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(Reference retrieved automatically from Web of Science through information on FAPESP grant and its corresponding number as mentioned in the publication by the authors.)

Genetic Differentiation of a New World Screwworm Fly Population from Uruguay Detected by SNPs, Mitochondrial DNA and Microsatellites in Two Consecutive Years

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Bergamo, Luana Walravens [1, 2, 3] ; Silva-Brandao, Karina Lucas [2, 4] ; Vicentini, Renato [1] ; Fresia, Pablo [5] ; Lima Azeredo-Espin, Ana Maria [1, 2]
Total Authors: 5
[1] Univ Estadual Campinas UNICAMP, Inst Biol, Dept Genet Evolucao Microbiol & Imunol, BR-13083970 Campinas, SP - Brazil
[2] Univ Estadual Campinas CBMEG UNICAMP, Ctr Biol Mol & Engn Genet, BR-13083875 Campinas, SP - Brazil
[3] Univ Estadual Campinas UNICAMP, Programa Posgrad Genet & Biol Mol, BR-13083970 Campinas, SP - Brazil
[4] Univ Fed ABC CCNH UFABC, Ctr Ciencias Nat & Humanas, BR-09210580 Santo Andre, SP - Brazil
[5] Inst Pasteur Montevideo, Unidad Mixta Pasteur INIA UMPI, Montevideo 11400 - Uruguay
Total Affiliations: 5
Document type: Journal article
Source: INSECTS; v. 11, n. 8 AUG 2020.
Web of Science Citations: 0

Simple Summary The New World screwworm (NWS) fly is a pest related to economic impacts in livestock breeding, mainly because females lay their eggs in wounds and natural cavities of warm-blooded vertebrates. A direct way to control this pest is the sterile insect technique (SIT), which is based on the release of sexually sterilized males to mate with wild females, resulting in the absence of new flies. The first step to the implementation of such program is to know how flies' populations are structured, that is, if they can freely mate in the field or, otherwise, if they are impeded of mate due to spatial or temporal barriers. Here we investigated genomic polymorphisms to infer temporal structure in a population of the NWS fly from Uruguay in two consecutive years (approximately 18 generations). We found that this time was enough for this population to change its genetic composition, but it was not sufficient to prevent free mate among individuals from one year to the next. We also found signal that some of the polymorphisms are related to the response of the population to insecticide chemical control. This approach can be used in the future to estimate spatial barriers to geographically isolated populations. The New World screwworm (NWS) fly,Cochliomyia hominivorax(Diptera: Calliphoridae), is an economically important ectoparasite currently distributed in South America and in the Caribbean basin. The successful eradication of this species in USA, Mexico and continental Central America was achieved by a control program based on the sterile insect technique (SIT). In order to implement a genetic control strategy over the NWS fly's current area of occurrence, first, it is necessary to understand the species dynamics and population structure. In order to address this objective, the spatial genetic structure of the NWS fly was previously reported in South America based on different genetic markers; however, to date, no study has investigated temporal changes in the genetic composition of its populations. In the current study, the temporal genetic structure of a NWS fly population from Uruguay was investigated through two consecutive samplings from the same locality over an interval of approximately 18 generations. The genetic structure was accessed with neutral and under selection SNPs obtained with genotyping-by-sequencing. The results gathered with these data were compared to estimates achieved with mitochondrial DNA sequences and eight microsatellite markers. Temporal changes in the genetic composition were revealed by all three molecular markers, which may be attributed to seasonal changes in the NWS fly's southern distribution. SNPs were employed for the first time for estimating the genetic structure in a NWS fly population; these results provide new clues and perspectives on its population genetic structure. This approach could have significant implications for the planning and implementation of management programs. (AU)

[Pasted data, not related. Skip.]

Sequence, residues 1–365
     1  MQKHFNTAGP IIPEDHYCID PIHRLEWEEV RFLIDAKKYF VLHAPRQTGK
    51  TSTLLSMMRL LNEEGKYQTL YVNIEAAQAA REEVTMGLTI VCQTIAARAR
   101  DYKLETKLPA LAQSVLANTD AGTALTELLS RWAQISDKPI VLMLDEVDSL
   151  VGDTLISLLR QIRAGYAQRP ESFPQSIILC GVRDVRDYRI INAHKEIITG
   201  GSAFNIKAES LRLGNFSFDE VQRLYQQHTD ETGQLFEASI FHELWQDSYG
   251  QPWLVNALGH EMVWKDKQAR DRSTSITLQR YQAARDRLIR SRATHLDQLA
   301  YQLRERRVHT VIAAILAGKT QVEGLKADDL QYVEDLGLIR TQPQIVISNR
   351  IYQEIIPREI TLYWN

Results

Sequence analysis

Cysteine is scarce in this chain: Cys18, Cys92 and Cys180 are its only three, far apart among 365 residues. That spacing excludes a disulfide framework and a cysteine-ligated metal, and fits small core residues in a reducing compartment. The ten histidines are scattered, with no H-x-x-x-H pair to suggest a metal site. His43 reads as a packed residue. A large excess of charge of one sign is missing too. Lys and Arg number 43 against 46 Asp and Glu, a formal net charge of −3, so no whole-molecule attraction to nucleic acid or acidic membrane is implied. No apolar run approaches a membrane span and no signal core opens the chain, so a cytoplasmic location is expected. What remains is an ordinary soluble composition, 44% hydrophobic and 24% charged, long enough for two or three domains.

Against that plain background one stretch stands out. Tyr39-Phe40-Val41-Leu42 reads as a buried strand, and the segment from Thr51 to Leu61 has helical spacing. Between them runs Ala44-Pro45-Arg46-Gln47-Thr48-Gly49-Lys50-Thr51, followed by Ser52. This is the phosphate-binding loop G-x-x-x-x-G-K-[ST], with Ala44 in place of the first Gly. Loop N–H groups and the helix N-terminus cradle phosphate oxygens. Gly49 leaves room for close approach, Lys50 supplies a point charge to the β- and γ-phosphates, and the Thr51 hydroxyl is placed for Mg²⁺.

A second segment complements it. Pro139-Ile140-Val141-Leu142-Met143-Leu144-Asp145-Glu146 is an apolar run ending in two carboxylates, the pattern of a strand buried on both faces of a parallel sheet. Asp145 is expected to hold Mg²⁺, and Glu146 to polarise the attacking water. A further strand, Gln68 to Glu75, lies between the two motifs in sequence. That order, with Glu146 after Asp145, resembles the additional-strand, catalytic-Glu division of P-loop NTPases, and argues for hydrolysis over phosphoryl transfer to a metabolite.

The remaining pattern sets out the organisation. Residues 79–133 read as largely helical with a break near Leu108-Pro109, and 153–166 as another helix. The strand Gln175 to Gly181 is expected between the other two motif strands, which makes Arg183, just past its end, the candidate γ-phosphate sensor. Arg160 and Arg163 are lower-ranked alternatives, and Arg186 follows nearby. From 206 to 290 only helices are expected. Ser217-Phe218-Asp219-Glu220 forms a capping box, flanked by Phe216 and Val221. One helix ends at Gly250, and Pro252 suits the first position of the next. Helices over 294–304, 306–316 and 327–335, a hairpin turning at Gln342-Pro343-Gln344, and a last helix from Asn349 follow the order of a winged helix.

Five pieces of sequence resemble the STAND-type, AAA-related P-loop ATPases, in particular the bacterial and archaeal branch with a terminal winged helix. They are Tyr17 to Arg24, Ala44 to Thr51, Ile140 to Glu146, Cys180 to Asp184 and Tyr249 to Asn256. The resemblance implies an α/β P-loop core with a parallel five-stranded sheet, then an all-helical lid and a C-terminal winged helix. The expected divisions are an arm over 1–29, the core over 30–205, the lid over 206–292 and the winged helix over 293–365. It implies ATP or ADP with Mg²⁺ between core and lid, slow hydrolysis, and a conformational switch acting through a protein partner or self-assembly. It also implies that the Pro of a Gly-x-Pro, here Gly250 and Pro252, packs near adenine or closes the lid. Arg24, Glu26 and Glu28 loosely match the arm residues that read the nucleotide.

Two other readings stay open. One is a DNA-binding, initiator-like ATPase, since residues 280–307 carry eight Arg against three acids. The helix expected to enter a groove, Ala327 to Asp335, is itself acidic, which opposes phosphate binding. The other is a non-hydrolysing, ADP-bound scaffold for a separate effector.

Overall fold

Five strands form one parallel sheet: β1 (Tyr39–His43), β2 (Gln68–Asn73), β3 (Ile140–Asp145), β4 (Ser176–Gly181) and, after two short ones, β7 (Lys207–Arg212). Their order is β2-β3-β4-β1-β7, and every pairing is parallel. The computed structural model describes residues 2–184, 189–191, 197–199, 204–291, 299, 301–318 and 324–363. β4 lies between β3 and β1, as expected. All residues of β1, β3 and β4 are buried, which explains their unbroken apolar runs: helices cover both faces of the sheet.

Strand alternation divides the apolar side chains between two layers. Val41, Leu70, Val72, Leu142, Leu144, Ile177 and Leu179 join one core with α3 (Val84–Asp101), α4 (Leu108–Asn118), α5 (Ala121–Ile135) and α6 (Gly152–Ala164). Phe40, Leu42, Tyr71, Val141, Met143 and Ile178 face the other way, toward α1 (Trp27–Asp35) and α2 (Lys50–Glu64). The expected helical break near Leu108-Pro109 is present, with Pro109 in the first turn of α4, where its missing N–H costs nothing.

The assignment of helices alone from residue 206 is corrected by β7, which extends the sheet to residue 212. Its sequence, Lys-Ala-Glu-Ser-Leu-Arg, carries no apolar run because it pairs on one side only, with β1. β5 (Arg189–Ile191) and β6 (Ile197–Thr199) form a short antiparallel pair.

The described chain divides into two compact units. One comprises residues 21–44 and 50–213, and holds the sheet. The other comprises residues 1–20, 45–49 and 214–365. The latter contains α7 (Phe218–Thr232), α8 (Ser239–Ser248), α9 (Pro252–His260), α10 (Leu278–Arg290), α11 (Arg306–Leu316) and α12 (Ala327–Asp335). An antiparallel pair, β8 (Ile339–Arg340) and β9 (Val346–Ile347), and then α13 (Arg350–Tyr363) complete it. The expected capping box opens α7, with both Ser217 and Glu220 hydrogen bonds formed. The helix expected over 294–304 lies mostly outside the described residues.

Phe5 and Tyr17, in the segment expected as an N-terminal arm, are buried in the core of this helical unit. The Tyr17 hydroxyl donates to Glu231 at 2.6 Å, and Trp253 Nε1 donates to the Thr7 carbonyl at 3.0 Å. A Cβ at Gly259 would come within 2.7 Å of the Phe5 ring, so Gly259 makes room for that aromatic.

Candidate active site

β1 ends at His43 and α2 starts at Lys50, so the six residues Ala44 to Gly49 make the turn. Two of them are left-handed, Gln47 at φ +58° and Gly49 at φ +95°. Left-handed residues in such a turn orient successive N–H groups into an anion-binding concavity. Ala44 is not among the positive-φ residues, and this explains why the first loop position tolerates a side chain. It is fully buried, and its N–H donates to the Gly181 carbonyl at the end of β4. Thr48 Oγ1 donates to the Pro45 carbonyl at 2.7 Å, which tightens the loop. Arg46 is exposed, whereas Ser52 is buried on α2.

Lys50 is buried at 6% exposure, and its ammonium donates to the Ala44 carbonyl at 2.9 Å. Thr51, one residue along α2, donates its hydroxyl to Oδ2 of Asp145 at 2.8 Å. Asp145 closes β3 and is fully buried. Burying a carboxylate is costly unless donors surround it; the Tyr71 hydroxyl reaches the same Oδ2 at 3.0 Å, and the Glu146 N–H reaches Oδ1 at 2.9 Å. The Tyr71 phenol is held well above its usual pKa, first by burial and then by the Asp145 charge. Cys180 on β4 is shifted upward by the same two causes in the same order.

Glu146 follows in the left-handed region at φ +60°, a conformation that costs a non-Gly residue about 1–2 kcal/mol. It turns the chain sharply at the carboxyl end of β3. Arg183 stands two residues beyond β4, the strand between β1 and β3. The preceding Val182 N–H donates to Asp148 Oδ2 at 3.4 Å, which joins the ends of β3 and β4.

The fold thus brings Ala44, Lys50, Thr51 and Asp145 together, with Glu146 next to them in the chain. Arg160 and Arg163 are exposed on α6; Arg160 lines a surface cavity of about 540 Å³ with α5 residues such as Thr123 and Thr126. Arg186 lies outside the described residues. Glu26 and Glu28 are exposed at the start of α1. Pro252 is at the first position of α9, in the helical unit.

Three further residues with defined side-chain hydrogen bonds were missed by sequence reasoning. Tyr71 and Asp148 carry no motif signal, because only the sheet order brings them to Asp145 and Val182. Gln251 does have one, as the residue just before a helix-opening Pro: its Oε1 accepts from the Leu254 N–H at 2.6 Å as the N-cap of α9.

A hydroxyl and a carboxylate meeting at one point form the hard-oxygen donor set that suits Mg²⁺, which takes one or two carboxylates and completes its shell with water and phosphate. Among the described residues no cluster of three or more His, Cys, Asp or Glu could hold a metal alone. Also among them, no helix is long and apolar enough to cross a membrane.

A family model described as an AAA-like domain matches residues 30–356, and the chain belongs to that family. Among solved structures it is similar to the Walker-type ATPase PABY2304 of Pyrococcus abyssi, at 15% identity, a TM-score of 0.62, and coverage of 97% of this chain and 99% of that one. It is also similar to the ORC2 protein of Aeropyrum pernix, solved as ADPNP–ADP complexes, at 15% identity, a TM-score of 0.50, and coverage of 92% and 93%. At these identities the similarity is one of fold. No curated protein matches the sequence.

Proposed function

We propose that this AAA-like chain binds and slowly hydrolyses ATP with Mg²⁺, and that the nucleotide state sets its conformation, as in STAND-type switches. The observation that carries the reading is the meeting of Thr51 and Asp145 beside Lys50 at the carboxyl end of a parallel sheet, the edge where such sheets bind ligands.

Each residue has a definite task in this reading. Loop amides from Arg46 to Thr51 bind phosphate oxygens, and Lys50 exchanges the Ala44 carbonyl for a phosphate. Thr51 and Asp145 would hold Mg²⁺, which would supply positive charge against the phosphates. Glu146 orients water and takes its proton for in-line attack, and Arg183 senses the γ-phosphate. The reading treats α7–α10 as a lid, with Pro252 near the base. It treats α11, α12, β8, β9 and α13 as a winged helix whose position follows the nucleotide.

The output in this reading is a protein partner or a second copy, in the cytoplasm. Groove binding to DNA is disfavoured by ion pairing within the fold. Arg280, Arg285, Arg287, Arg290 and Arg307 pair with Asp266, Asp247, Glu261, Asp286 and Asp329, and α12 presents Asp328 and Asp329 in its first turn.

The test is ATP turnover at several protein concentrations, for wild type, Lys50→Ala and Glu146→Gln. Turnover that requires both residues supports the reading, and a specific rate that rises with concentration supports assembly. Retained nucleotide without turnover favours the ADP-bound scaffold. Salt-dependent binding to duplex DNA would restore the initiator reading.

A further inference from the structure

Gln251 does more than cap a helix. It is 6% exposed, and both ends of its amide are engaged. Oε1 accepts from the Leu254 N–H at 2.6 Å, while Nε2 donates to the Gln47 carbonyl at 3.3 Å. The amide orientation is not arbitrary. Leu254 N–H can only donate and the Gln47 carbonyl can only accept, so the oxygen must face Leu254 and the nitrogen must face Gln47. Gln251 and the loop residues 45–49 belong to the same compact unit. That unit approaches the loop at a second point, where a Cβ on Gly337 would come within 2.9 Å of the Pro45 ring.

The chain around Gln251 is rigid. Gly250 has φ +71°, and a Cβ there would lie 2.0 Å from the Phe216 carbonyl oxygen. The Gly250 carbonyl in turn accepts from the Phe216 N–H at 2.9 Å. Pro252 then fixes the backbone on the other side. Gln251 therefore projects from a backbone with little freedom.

FAPESP's process: 15/02079-9 - Genomics of Cochliomyia hominivorax (Diptera: Calliphoridae): structural and functional analyses.
Grantee:Ana Maria Lima de Azeredo-Espin
Support Opportunities: Regular Research Grants
FAPESP's process: 12/16266-7 - Population genomics: a new approach for studies of speciation in insects due to host use applied to the development of sustainable strategies of IPM
Grantee:Karina Lucas da Silva-Brandão
Support Opportunities: Research Grants - Young Investigators Grants